Neither adult writer said ANYTHING about academics. NOTHING about literacy (even though you have to be able to both read and write to take advantage of the internet, if that’s going to be the criteria). NOTHING about learning what needs to be transmitted to every generation. NOTHING about science or math. NOTHING about any kind of content whatsoever.

This accords with the dogmas of progressive education, of course. Dewey said that students should learn processes, not content. It doesn’t matter what they read, as long as they know how to read. Sadly, though, many students are not even learning processes anymore–such as how to read, write, calculate–as the focus shifts to socialization. (I would argue, though, that a society consisting only of other children your same age is hardly a society at all.)

Teaching content

Some of you in that education-related post of a few days ago, expressed concern about homeschooling that many parents do not know enough about certain subjects to teach them to their children, who would do better to learn them from teachers who are the experts. Have you ever seen the college curriculum required for an education major to become an elementary school teacher? They have to take virtually all education courses. The typical elementary school teacher in a math class has likely not had math since she was in grade school or maybe high school herself. They don’t study the subjects they have to teach. It’s better in high school, since teachers at that level do have to have courses in a specific subject area (math, science, history, English, etc.). But it’s hard to teach children on a more advanced level when they do not have a solid foundation.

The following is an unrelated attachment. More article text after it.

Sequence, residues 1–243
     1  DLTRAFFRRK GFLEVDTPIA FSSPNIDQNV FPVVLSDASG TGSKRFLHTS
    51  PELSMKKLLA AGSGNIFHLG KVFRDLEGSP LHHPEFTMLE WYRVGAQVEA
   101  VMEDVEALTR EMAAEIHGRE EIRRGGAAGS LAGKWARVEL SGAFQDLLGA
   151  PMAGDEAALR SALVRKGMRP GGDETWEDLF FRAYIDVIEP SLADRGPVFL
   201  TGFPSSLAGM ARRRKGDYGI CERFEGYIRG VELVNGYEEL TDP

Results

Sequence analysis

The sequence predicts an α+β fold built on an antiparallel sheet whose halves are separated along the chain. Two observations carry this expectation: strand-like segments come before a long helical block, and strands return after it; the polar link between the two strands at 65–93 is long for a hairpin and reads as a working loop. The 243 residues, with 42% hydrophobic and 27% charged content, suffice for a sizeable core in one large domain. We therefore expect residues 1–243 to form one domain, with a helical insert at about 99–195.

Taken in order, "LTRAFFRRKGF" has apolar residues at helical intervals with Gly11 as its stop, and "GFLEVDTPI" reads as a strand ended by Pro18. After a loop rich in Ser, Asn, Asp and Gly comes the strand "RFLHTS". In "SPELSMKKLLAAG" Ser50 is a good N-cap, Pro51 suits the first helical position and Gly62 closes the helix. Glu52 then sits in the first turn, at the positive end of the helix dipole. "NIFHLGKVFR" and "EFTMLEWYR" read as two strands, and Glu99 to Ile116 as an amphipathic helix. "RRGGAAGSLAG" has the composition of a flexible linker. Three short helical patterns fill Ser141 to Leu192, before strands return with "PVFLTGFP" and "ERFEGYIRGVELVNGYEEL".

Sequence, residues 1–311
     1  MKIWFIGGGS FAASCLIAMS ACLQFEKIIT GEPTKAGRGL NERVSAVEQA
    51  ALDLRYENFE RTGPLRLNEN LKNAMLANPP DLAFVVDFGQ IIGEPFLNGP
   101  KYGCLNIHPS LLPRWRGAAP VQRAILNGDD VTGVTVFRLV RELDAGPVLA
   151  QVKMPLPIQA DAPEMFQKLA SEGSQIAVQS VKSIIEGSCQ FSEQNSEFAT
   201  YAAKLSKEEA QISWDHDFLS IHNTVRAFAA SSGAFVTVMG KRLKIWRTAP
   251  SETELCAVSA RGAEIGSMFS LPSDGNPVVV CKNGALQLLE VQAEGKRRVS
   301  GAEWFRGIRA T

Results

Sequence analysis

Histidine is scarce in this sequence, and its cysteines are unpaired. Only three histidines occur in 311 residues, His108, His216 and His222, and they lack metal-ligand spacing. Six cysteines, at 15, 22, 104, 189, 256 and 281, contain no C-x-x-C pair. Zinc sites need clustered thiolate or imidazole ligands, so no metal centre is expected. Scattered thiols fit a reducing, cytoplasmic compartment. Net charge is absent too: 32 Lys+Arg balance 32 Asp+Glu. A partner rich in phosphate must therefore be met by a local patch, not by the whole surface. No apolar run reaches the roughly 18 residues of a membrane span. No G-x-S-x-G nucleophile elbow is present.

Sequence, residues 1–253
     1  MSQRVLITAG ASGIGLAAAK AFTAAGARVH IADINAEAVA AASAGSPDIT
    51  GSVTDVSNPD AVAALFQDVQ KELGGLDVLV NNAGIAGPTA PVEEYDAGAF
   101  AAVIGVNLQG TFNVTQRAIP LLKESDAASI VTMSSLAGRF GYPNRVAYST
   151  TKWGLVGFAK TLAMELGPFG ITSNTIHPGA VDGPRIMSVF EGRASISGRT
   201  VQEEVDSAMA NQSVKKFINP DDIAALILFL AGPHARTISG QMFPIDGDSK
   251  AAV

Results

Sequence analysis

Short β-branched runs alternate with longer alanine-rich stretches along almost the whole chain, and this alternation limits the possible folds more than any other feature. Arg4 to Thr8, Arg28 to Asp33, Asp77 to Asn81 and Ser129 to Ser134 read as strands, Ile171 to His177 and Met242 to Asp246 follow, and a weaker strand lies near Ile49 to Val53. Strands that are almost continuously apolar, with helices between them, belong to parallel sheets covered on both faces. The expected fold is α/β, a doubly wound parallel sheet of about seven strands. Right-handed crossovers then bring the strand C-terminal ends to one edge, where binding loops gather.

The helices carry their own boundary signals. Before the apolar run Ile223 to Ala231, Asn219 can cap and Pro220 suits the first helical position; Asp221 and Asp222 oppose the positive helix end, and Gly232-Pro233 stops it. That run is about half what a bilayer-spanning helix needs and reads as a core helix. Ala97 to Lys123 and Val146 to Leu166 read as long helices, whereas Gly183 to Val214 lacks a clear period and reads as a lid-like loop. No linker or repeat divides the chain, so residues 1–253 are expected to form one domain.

Please note, I am NOT blaming elementary school teachers, who often do a heroic job. I am blaming the contemporary educational theory that so often thwarts their best efforts. My point here is that homeschooling parents generally have just as much content-area expertise as public school teachers on the elementary level. But they are generally committed to teaching content, which they do by means of the content-rich curriculum that most of them use.

By the way, homeschoolers deal with the more specialized subjects of high school that their parents can’t handle typically by taking advantage of some excellent on-line courses, by forming co-ops around a subject-matter expert, and/or by reading and working through challenging curriculum.

Vocation Day, the holiday formerly known as Labor Day

Happy Vocation Day! Today used to be called Labor Day. (Incredibly, you can still find people who are isolated and out of touch that still call it that.) But thanks to a crusade sponsored by this blog and the activism of its readers, we have successfully taken it over, turning it into a Christian holiday focusing on one of the most important teachings of the Reformation, the doctrine of vocation.

OK, we haven’t quite made that much progress in our quest to co-opt this last hurrah of Summer. It isn’t listed as a feast day on the Christian calendar. But still, we are hearing more about vocation. I’d like to draw your attention to a page on the LCMS website that features a number of articles on
Vocation. Some of them I wrote for a series in The Lutheran Witness a few years ago. But there are other articles too. You should especially read John Pless’s article Vocation: Fruit of the Liturgy.